The Christmas Season Is Approaching – What Does This Mean?
Us Brits try and put it off for as long as possible, but eventually the Christmas Season takes hold of the country…
The beginning of the Christmas Season is now murky and ambiguous.
In the times before the rampant commercialisation of the Festive Season, when the Christian Faith was more prevalent within the communities of Britain, the beginning and end of the period was more defined.
Traditionally, the period of Advent (which begins on the nearest Sunday to the feast day of St. Andrew) lasts for the breadth of four Sunday, running up to Christmas. This year, it will be the 27th November.
However, the observant might have already noticed Festively packaged food items creeping on to the shelves – suggestively putting thoughts of Christmas into our minds ahead of Advent.
There are no rules or law as to when people should start discussing Christmas, or even using the period as a way to create brand awareness. John Lewis, for the last few years, have done well out of investing millions in creating powerfully emotional – yet slick – adverts, capable of ‘warming the hearts’ whilst also reminding the viewer of where to shop for their presents.
For most people, this advert is a calling to think about the practicalities of christmas: presents, travel plans, dinners.
But what should Methodists be thinking about?
Even though we are yet to officially reach the start of Advent – it does us no harm to start considering the implications of this period of expectation.
It can be easy to take a superficial view of what Advent means to us Methodists, with the many rituals and thematic readings that we can, sometimes, grow a little weary of.
So, before we surround ourselves with the rich purple hues that denote the season, let us consider the theological ramifications of Advent and how we can let it effect our daily routines.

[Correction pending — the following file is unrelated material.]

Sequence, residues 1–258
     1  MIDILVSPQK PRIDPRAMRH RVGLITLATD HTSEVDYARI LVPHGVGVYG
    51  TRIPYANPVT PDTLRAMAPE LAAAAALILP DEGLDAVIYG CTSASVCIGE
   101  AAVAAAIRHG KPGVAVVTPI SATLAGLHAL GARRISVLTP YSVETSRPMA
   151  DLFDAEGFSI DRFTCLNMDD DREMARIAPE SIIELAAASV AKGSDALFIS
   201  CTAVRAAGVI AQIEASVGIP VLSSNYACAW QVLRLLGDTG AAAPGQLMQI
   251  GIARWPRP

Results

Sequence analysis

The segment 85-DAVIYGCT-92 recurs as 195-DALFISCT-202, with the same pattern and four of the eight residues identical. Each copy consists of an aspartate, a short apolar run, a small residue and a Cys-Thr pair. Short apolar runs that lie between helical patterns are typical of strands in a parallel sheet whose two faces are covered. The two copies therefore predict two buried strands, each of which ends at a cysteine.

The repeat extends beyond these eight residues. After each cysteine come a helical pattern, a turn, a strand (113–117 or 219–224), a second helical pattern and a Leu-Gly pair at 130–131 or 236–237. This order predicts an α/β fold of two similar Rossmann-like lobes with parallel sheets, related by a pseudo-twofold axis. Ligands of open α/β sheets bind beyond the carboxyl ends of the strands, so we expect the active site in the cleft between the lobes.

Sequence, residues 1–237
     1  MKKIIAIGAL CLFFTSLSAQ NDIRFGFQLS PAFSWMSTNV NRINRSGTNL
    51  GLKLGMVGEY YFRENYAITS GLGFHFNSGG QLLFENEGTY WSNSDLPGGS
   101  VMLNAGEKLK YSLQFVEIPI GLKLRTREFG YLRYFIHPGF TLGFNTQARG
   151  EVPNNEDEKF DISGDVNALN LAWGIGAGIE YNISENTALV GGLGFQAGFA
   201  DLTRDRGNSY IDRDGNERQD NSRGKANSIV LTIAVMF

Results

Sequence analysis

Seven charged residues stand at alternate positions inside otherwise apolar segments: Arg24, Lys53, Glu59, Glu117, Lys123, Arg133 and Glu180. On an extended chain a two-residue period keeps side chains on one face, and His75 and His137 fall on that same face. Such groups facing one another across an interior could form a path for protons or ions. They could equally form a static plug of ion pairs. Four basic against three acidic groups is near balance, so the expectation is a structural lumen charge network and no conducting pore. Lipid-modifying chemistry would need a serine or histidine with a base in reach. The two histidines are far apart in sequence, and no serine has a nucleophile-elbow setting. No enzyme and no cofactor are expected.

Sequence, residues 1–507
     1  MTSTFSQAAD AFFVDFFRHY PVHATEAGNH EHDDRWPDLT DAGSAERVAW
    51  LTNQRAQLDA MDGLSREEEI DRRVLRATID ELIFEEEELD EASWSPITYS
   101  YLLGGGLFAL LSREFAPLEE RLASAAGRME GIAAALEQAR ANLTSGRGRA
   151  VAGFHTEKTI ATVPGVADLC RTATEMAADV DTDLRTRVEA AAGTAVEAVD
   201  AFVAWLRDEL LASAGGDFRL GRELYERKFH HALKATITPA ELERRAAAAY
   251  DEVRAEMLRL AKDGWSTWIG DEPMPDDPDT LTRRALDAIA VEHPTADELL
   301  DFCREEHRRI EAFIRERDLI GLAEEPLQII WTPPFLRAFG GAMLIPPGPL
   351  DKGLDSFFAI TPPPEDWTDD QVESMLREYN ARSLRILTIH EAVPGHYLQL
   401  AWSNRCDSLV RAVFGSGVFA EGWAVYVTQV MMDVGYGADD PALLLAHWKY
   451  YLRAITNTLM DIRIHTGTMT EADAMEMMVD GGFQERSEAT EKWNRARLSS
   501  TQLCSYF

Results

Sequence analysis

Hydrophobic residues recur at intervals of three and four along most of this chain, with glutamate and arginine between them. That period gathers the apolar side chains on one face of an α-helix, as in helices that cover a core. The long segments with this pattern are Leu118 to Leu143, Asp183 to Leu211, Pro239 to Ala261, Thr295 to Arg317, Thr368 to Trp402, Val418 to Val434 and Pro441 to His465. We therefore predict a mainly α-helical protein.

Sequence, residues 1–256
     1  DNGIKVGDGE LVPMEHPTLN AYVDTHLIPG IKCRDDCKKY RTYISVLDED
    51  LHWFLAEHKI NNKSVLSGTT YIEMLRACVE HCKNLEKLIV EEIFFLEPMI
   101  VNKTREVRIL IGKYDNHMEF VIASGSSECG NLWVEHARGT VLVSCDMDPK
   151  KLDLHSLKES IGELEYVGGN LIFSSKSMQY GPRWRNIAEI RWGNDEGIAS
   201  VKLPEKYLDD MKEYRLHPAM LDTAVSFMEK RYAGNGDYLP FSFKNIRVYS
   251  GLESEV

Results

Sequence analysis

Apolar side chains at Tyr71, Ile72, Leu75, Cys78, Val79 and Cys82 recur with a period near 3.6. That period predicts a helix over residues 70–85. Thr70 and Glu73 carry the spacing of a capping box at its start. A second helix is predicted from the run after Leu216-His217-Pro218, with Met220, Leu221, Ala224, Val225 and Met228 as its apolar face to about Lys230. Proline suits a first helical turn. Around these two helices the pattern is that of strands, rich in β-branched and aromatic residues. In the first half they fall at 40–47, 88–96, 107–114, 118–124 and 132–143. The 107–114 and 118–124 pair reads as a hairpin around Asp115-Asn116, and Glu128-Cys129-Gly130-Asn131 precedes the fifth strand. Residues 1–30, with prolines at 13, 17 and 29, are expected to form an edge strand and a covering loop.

think towards your charitable actions
Matthew 5:42 says: “Give to him who asks of you, and do not turn away from him who wants to borrow from you.”
As the Winter months draw in, the cold winds and rain drive us indoors, into the warmth of our homes. It’s important to remember that there are those not so lucky to have their own refuge.
Giving to charity can be as simple as buying someone a cup of coffee
Proverbs 29:7 says: “The righteous considereth the cause of the poor: but the wicked regardeth not to know it.”
The bigger the sacrifice you make, the better you can make the world – so don’t let the bad weather keep you from exercising your charitable nature – go on and make someone’s day!
Consider those who might be alone for the period
Ephesians 4:32 says: “Be kind to one another, tender-hearted, forgiving each other, just as God in Christ also has forgiven you.”
The Christmas season can be a painfully lonely time for those with few friends – so why not take the time to keep those people company. It can be as little as dropping in to a Hospice once a week or a Retirement Home.